Mar 12, 2001 6:40 AM
|Theoretically, my max heart rate is 182. (I'm 38 years old.) Now, I've hit that a few times (hill climbs) and have even exceeded it by a bpm or two. Yesterday, I took the kids out for training ride. (In a trailer. Their combined weight, my winter weight and the weight of the trailer makes for an extra 100 pounds! A great training routine.) Anyway, on a particularly difficult hill, one that took everything I had, I hit 193 on my heart rate monitor. I don't know if this is good or bad. I didn't feel any pain, but it took a helluva long time to catch my breath. So it's spring and I'm out of shape. I'm just curious about max rates. Did I "exceed" mine? Is that possible? I mean, 100% is 100%, right?|
|re: Cardio Q||bill|
Mar 12, 2001 7:40 AM
|By definition, you cannot exceed your maximum heart rate. It's not as if your maximum heart rate is a theoretical; it's an actual. You may just have learned what your actual max is. The formulas are imprecise.|
|re: Cardio Q||MikeC|
Mar 12, 2001 11:36 AM
|I'm glad I got the info on max heartrate. I'd always assumed (dangerous, I know) that "maximum" referred to the maximum "safe" rate, not the limit that the ol' ticker would actually do.|
Mar 12, 2001 12:32 PM
|Good info on heart rate monitor training.|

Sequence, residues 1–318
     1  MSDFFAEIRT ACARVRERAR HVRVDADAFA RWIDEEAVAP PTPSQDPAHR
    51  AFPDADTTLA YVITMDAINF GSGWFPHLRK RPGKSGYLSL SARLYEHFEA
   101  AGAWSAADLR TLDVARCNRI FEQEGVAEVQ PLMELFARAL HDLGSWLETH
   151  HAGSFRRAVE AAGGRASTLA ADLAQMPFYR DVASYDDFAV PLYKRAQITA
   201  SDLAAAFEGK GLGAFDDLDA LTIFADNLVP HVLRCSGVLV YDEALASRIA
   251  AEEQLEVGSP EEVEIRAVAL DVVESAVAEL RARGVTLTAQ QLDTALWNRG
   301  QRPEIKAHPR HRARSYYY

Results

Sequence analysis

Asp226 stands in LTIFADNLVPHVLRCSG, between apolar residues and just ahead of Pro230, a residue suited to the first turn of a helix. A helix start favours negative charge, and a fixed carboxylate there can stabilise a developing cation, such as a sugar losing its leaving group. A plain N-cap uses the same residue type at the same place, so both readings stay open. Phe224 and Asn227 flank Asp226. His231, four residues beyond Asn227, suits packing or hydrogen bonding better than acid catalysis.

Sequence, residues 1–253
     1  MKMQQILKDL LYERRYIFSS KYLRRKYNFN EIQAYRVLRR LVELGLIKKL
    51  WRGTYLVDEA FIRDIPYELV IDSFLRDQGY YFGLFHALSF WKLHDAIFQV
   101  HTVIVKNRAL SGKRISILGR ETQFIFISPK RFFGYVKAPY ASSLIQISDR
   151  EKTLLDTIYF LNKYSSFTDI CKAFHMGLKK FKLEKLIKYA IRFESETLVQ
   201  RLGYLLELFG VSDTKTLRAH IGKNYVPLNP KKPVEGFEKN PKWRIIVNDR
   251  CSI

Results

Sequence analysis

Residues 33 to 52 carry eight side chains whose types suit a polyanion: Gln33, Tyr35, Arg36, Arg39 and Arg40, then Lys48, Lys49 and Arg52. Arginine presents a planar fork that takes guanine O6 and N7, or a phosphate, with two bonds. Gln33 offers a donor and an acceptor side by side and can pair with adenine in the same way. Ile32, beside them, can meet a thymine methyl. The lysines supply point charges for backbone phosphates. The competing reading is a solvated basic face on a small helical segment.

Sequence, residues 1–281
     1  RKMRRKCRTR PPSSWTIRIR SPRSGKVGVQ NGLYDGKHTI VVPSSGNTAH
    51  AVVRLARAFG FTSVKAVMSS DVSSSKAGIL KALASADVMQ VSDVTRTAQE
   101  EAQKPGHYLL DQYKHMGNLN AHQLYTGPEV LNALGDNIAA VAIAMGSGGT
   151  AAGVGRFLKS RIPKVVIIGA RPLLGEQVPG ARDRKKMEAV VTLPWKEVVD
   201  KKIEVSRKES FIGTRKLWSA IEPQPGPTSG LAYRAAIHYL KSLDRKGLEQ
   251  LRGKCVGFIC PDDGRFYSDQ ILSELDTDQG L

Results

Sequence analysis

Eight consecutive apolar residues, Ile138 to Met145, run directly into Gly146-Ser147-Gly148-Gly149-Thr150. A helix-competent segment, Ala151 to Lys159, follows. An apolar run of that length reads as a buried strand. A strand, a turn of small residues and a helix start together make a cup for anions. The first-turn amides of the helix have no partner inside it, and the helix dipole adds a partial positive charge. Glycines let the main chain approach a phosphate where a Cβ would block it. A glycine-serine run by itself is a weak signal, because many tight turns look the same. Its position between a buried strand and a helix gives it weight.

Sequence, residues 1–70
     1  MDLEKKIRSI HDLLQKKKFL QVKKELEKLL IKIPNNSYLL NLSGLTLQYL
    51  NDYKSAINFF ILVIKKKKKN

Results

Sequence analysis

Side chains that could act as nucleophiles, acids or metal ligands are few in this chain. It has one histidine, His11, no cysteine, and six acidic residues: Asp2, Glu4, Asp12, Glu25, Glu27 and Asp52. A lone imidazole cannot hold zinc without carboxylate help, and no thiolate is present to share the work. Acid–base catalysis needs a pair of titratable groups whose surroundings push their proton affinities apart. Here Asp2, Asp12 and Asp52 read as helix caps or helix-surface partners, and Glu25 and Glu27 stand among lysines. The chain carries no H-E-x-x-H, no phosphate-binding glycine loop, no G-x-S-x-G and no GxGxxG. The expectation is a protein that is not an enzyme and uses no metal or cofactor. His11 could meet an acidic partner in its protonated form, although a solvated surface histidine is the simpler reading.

|re: Cardio Q||ScottV|
Mar 12, 2001 4:42 PM
|Considering the jump I would assume that it was an outside influence. Probably either a power line or wind making your shirt move around. Both will cause the HRM to read high.|
|All formulae are wrong ...||Humma Hah|
Mar 12, 2001 6:01 PM
|I assume you used the hoary old 220-age formula ... NOBODY is that low! It is insanely conservative, probably devised by the lawyers of fitness equipment makers. |
We did a survey here a couple of months ago and found that our max HR values were scattered all over heck and gone, with some decline with age.
Only your cardiologist can tell for sure if you're hitting max HR. Mine tells me I hit 188 when he tested me at age 45, so 193 is not a surprising number at age 38. In fact, if you'd really hit max, it probably would be quite unpleasant.
Hitting your max HR is actually easier if you're out of shape -- some folks can hit theirs climbing a set of stairs. But, IF YOUR HEART IS HEALTHY, doing intervals to get the HR up momentarily in that range can be quite beneficial, if not overdone.
|220-age is way off||TJohn|
Mar 13, 2001 8:38 AM
|I'm 34 and I am supposed to have a max HR of 186 with that formula. I have conisitently hit in the upper 190s, with a max recorded 199, when I run my typical 5K route. In a book I am reading by Sally Edwards, a heart rate training guru, she wrote about several ways to determine your max HR. On of them is a 5K race. For the last 1-2 mins of a 5K race, you sprint all out and check what your HR monitor recorded. Then add 5 bpm to take into account muscle fatigue. Based on that my real max HR is 204, almost 20 beats higher than the crappy old formula. Ride On.